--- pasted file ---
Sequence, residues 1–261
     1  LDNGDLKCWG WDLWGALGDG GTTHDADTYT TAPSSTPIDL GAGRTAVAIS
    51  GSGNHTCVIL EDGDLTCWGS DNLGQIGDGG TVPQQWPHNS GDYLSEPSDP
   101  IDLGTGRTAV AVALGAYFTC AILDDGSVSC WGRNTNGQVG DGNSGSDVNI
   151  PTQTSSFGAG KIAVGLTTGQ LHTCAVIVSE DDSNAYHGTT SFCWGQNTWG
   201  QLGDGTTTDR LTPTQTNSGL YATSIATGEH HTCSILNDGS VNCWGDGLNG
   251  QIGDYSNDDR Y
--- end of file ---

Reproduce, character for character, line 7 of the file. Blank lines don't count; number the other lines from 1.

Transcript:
   251  QIGDYSNDDR Y